To some women, fashion is a hobby. To others, it is a means of survival.
For a small group of Israeli prostitutes in Tel Aviv and Haifa, it has become a lifeline with the help of the NGO Turning the Tables, which has run a fashion school since 2011 that enrolls 100 such women annually.
The fashion school, Yotsrot Atid, which translates in English to “creating a future,” is designed to help women build self-esteem through creativity.
For Anya, an immigrant from Russia whose name has been changed to protect her privacy, learning to sew meant escape from her daily life as a prostitute.
“I didn’t know anything... I didn’t want to learn anything. I didn’t want to learn to sew,” said Anya, now 57, on her mental state when she first encountered Turning the Tables after hearing about it from a friend.
The organization’s founder, Lilach Tzur Ben Moshe, said most women find Turning the Tables through word of mouth.
Anya explained that economic downturn pushed her out of her home country. Once in Tel Aviv, with no family for thousands of kilometers, she fell into prostitution. After several suicide attempts, she enrolled in Yotsrot Atid.
“I was in the market and didn’t have another option. I said, I’ll try and we’ll see,” Anya said. “I feared God. I had no security.”
Sporting a bold bleached bob, bright blue eyeliner, and a genuine smile, Anya was one of the only women left in the studio after the Yotsrot Atid graduation ceremony last month, working overtime on matching sweat suits for her grandchildren.
Alongside Anya was Maryam, 27, adding the finishing touches to an asymmetrical denim dress. Maryam’s vision was to create the “dress of a Neanderthal,” she said. She was inspired by the combination of the modern and the old: a mass-produced material and a rudimentary, rugged style.
All of the Yotsrot Atid women recently worked on denim garments, a project that is a partnership with the sustainable fashion brand Comme il Faut, Tzur Ben Moshe explained. The women will present their denim pieces at a fashion show this fall, and the garments will be for sale.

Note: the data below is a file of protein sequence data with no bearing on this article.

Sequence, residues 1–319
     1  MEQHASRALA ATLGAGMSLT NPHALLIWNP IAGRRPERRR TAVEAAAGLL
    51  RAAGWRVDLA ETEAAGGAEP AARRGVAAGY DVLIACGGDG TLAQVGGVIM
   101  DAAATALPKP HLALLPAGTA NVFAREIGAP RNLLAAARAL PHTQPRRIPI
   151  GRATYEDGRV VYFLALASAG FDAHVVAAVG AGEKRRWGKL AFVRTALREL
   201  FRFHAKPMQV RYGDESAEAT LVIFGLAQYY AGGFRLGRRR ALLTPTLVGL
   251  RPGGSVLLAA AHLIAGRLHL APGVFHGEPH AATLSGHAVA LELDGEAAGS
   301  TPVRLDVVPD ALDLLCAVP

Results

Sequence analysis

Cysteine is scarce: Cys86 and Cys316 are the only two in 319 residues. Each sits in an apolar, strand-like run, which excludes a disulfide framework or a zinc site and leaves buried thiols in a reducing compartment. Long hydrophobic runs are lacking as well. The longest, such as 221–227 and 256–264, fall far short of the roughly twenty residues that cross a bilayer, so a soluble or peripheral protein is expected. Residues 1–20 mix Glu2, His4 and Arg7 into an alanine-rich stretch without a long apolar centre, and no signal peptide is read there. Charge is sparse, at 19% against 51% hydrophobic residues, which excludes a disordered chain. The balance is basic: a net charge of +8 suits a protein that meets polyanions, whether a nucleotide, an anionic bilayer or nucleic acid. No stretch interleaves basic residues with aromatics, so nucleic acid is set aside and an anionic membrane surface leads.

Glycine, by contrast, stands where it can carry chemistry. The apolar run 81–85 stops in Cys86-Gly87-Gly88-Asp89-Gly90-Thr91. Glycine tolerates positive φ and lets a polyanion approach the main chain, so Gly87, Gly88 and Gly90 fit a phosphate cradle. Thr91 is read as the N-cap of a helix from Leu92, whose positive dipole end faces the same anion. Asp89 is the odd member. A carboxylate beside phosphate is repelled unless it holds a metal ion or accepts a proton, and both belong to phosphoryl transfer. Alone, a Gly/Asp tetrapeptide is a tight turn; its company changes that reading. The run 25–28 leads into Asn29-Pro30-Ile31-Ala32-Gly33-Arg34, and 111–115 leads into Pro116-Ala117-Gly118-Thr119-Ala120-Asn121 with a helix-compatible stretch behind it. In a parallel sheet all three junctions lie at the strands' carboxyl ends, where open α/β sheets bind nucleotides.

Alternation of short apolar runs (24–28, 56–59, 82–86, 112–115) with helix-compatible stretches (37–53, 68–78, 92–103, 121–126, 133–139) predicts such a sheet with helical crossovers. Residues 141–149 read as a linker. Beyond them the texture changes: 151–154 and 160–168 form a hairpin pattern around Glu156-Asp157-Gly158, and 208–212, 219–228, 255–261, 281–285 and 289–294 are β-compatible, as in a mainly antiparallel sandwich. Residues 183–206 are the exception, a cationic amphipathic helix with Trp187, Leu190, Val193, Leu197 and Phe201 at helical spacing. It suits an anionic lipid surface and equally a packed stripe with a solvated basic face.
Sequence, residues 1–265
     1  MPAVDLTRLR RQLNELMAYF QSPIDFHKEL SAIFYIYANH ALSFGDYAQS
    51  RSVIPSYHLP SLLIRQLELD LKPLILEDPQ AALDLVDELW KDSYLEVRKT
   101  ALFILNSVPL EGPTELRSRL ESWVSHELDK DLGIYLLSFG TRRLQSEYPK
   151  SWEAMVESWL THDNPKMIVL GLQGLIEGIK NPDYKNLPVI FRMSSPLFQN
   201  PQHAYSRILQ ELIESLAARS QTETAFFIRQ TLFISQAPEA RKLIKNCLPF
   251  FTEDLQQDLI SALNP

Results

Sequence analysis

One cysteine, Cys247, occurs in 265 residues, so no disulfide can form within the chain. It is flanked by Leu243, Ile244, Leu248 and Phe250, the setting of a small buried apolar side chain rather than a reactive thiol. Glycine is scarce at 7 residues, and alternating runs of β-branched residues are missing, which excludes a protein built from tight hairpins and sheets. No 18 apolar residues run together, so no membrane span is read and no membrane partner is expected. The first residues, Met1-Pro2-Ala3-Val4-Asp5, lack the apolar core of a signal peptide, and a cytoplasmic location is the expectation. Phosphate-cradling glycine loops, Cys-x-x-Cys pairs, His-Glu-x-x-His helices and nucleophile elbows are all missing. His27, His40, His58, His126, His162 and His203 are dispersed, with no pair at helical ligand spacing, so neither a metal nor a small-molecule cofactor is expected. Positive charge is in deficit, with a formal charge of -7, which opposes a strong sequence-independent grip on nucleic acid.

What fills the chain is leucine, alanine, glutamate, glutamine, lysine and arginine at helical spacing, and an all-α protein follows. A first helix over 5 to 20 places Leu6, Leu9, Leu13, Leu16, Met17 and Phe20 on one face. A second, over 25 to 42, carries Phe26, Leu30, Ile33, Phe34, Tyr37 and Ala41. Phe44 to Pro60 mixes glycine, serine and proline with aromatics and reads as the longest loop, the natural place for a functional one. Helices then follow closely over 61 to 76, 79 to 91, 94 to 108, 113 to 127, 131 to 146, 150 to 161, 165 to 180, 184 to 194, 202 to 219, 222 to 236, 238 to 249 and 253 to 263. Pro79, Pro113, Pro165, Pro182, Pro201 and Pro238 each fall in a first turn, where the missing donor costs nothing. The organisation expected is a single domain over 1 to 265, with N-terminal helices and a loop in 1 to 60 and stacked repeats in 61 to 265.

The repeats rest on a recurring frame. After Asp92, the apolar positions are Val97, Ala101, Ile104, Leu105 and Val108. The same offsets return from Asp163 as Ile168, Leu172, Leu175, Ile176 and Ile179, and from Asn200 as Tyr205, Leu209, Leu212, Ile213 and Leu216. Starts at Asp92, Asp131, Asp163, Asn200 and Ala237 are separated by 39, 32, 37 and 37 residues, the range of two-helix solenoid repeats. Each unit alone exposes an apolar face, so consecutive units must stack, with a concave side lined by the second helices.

At the graduation ceremony, dozens of women of varying ages and ethnic backgrounds packed the courtyard of the studio, where the Tel Aviv heat smelled of perfume and fresh food made by volunteers.
Tzur Ben Moshe called the names of the women in attendance, greeting each one with a diploma and a hug. Every woman called up was smiling from ear to ear, and every called name was met with cheers and applause.
A woman sat in the front row with a smiling baby girl in her arms, her long pink nails matching the bow in her child’s hair. Women from around the courtyard beelined to coo at the baby.
“We have women who are single women; we have mothers; we have grandmothers; sometimes we have a few generations,” said Leemor Segal, the organization’s resource development manager.
A stack of unclaimed diplomas at the ceremony’s end stood as a stark reminder of the difficulty of exiting the cycle of prostitution.
The struggle of exiting the cycle of prostitution
The Welfare Ministry counted 14,000 active prostitutes in 2018, a number that organization leadership said they believe barely scratches the surface. The same inquiry found that the average lifespan of a prostitute is 46 years old.
“I think we’ve seen about 3,000 women in prostitution,” explained Segal, a psychotherapist by training. “They have gotten into prostitution as a result of abuse, that was not only not addressed and treated, but many times it was twisted,” said Segal, adding that many women she has encountered have been indoctrinated to believe there is no alternative life for them but one as a victim.
TZUR BEN MOSHE was inspired to establish the organization after she spent time living in Tel Aviv’s Central Bus Station area, known as one of Israel’s hubs of prostitution. Segal called the neighborhood a “meat market.”
In the area, drug abuse runs rampant. Sleazy businesspeople roam the streets looking to take advantage of women in prostitution, thereby tightening the shackles of debt and taking women further from the financial freedom that would allow exit from the industry.